Derivatives of water-soluble vitamins serve as coenzymes in the metabolism of carbohydrates, lipids, and proteins. Thiamine, for example, is needed for the activity of the enzyme that converts pyruvic acid to acetyl coenzyme A. Riboflavin and niacin are needed for the production of FAD and NAD, respectively. FAD and NAD serve as coenzymes that transfer hydrogens dur ing cell respiration (chapter 4; see fig. 4.17). Pyridoxine is a co-factor for the enzymes involved in amino acid metabolism. Deficiencies of the water-soluble vitamins can thus have widespread effects in the body (table 19.3).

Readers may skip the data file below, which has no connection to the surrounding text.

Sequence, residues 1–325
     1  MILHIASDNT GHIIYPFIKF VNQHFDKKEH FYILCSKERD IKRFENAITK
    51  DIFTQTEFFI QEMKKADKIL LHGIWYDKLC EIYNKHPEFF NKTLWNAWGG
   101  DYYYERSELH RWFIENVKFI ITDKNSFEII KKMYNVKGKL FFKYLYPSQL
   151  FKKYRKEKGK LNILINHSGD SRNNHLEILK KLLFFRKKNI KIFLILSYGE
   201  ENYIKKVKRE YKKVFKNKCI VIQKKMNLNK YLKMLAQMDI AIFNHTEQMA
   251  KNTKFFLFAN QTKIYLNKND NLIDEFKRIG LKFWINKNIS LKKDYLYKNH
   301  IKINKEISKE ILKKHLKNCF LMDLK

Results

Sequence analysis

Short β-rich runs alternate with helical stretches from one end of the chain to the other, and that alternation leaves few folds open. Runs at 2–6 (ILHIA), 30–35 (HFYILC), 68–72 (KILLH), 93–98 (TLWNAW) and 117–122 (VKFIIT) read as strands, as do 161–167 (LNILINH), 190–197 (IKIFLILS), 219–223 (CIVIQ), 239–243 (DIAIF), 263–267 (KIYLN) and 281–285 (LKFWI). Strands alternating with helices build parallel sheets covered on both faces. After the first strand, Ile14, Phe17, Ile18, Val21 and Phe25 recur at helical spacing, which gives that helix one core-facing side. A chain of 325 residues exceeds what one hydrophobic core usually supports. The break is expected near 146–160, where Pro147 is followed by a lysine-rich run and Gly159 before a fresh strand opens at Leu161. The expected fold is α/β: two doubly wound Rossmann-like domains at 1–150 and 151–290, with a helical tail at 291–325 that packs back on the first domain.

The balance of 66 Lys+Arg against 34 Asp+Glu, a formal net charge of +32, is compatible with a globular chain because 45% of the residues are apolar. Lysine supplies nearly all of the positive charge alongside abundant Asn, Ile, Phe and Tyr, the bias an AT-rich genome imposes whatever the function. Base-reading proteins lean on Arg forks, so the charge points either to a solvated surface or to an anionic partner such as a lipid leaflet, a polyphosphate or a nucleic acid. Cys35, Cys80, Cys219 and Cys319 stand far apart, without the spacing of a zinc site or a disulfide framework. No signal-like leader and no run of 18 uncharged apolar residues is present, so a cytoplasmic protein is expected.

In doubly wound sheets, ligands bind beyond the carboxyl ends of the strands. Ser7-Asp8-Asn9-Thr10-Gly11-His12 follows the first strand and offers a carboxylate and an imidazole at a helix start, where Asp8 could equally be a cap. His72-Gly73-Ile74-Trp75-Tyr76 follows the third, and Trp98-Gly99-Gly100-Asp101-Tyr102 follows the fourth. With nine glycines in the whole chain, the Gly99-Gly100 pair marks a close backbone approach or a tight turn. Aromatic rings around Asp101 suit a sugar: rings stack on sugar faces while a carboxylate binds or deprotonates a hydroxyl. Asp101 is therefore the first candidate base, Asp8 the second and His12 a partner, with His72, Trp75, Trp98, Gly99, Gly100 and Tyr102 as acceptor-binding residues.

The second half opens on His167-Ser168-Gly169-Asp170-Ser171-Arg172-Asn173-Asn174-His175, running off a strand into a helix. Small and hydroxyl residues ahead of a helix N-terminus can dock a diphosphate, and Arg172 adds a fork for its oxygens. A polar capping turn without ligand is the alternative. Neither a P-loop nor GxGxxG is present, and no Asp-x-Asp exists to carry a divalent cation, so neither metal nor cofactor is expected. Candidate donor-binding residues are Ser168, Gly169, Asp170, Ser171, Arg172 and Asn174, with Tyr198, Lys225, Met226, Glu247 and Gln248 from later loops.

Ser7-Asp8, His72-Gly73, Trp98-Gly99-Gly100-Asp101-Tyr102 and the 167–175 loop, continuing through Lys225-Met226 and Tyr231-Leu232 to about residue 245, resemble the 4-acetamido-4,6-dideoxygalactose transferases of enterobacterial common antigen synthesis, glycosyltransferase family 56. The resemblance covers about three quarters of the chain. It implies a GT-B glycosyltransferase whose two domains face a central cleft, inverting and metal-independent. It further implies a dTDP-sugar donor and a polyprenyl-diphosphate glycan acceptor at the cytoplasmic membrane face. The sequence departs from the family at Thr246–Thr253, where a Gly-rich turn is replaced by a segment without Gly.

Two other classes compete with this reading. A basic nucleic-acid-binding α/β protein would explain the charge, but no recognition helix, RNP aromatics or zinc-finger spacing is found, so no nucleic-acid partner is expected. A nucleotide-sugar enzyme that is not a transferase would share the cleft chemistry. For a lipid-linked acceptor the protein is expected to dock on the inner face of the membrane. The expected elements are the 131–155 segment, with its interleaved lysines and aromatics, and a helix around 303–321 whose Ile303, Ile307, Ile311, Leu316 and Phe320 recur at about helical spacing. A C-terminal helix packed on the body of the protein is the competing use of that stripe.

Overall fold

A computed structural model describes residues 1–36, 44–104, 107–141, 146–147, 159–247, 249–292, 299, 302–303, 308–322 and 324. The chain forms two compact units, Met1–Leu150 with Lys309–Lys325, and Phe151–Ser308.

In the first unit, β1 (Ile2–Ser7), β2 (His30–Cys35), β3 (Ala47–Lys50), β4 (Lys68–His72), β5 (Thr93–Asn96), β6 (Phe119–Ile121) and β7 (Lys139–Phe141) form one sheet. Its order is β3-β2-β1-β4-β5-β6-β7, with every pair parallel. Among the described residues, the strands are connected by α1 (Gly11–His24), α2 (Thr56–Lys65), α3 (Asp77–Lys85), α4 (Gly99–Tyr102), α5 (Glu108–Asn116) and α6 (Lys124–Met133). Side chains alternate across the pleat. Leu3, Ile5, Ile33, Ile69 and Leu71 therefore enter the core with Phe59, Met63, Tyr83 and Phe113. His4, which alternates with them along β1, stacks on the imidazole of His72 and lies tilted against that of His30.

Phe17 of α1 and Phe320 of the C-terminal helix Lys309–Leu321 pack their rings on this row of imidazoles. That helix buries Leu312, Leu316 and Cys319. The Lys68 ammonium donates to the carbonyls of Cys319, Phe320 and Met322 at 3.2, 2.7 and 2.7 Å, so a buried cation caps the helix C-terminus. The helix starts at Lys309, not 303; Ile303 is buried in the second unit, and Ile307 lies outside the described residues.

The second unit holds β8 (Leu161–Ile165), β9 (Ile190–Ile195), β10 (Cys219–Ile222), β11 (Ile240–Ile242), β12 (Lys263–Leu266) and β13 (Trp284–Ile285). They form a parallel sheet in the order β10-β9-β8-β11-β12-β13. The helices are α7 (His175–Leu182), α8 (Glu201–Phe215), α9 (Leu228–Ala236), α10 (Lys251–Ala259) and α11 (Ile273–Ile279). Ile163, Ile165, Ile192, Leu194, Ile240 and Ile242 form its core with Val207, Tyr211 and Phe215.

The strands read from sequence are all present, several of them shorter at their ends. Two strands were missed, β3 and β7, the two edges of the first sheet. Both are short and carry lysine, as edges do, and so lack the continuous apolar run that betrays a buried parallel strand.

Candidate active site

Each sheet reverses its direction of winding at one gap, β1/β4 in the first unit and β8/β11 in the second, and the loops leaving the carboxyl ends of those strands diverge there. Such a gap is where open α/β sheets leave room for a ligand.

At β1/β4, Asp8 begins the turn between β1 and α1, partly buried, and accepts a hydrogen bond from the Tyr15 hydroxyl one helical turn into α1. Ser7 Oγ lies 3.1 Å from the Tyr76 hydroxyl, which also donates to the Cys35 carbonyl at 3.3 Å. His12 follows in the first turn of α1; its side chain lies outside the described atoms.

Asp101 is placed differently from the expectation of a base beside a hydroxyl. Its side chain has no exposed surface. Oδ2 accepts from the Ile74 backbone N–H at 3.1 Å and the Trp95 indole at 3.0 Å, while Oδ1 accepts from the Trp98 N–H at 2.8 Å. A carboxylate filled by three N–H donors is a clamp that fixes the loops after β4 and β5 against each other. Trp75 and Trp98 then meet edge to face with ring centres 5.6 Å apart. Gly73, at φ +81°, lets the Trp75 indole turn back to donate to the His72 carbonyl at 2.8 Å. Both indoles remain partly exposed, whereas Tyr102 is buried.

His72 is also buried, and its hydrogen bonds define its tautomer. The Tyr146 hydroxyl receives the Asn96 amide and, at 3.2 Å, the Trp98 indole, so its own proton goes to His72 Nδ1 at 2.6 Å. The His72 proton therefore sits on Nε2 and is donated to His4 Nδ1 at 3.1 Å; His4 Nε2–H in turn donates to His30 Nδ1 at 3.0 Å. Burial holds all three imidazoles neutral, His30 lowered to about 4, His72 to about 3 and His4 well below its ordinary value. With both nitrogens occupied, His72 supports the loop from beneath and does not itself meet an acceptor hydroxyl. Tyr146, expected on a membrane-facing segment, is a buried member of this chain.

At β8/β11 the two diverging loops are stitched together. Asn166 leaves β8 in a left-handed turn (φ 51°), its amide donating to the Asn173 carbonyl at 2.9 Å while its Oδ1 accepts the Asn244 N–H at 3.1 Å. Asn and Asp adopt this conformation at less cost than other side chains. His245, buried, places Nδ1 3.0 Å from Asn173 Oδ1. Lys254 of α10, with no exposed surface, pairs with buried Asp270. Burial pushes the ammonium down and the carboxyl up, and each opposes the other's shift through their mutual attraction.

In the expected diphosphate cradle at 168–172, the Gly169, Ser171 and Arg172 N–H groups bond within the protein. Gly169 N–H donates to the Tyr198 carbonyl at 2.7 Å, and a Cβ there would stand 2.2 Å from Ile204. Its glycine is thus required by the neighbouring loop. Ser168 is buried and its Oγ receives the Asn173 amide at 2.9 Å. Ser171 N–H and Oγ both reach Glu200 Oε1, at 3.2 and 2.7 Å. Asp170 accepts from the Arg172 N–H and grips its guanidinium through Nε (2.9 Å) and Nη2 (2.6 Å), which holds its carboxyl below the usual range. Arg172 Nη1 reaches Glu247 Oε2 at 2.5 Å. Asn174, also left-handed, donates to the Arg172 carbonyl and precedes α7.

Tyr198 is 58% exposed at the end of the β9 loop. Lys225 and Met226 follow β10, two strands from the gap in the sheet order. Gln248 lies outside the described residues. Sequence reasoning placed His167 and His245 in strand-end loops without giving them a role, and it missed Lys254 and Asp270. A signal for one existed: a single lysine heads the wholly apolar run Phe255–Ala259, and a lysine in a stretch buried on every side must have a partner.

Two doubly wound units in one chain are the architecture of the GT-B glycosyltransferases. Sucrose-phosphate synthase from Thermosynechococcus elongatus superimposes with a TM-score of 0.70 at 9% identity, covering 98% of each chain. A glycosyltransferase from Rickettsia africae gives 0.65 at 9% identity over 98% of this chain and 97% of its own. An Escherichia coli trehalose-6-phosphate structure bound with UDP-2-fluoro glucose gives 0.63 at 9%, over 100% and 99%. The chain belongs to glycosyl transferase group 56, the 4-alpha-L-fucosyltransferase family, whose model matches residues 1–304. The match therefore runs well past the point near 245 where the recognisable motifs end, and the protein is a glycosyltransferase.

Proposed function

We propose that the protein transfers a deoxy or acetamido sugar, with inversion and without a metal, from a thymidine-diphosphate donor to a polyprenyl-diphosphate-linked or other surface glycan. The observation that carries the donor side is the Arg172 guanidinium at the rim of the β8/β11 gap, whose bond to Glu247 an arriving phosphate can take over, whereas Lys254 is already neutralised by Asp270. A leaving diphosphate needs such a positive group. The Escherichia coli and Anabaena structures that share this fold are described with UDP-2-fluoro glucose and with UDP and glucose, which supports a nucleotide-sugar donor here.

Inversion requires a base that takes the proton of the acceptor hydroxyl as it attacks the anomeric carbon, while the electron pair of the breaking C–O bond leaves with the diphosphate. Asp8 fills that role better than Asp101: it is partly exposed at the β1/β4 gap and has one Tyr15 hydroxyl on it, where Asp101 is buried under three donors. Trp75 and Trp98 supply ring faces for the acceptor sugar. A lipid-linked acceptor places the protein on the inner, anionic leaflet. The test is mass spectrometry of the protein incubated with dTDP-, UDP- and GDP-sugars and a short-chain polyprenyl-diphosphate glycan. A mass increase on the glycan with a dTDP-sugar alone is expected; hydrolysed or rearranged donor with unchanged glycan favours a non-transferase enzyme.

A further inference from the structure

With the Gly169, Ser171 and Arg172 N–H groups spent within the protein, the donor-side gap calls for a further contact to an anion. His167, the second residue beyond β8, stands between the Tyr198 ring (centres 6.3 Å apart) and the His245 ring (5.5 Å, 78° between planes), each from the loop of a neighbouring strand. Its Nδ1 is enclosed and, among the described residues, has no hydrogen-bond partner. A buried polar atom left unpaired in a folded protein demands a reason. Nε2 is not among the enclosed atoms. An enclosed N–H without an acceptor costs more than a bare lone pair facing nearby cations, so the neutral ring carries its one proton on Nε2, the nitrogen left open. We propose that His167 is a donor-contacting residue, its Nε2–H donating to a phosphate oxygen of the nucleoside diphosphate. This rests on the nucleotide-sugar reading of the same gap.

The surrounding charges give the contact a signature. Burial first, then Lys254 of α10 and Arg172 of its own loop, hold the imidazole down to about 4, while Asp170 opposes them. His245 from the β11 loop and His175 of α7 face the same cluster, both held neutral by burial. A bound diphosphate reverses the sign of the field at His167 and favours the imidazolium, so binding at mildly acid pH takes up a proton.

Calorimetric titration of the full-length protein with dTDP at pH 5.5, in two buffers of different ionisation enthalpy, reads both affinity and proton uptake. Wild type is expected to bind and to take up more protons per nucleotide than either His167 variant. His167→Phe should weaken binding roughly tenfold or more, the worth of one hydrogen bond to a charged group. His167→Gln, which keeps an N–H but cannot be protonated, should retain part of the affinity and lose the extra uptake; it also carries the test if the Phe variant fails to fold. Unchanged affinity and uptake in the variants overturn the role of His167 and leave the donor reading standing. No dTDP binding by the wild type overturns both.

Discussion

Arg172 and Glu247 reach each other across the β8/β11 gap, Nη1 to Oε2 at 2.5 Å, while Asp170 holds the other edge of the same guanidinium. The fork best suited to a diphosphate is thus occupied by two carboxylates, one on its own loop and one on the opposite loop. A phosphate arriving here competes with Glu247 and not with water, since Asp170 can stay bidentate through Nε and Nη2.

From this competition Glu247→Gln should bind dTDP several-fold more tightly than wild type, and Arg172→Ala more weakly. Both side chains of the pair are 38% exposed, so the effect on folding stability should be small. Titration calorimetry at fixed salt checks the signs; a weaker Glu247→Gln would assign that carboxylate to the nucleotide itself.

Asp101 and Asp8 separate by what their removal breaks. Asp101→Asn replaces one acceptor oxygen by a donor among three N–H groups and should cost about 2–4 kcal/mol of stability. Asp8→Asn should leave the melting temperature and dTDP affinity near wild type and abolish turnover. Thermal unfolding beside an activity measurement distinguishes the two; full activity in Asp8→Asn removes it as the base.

Free radicals are highly reactive molecules that carry an unpaired electron. Such free radicals can damage tissues by removing an electron from, and thus oxidizing, other molecules. Vitamin C (a water-soluble vitamin) and vitamin E (a fat-soluble vitamin) function as antioxidants through their ability to inactivate free radicals. These vitamins may afford protection against some of the diseases that may be caused by free radicals.
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This ebook provides an introductory explanation of the workings of the human body, with an effort to draw connections between the body systems and explain their interdependencies. A framework for the book is homeostasis and how the body maintains balance within each system. This is intended as a first introduction to physiology for a college-level course.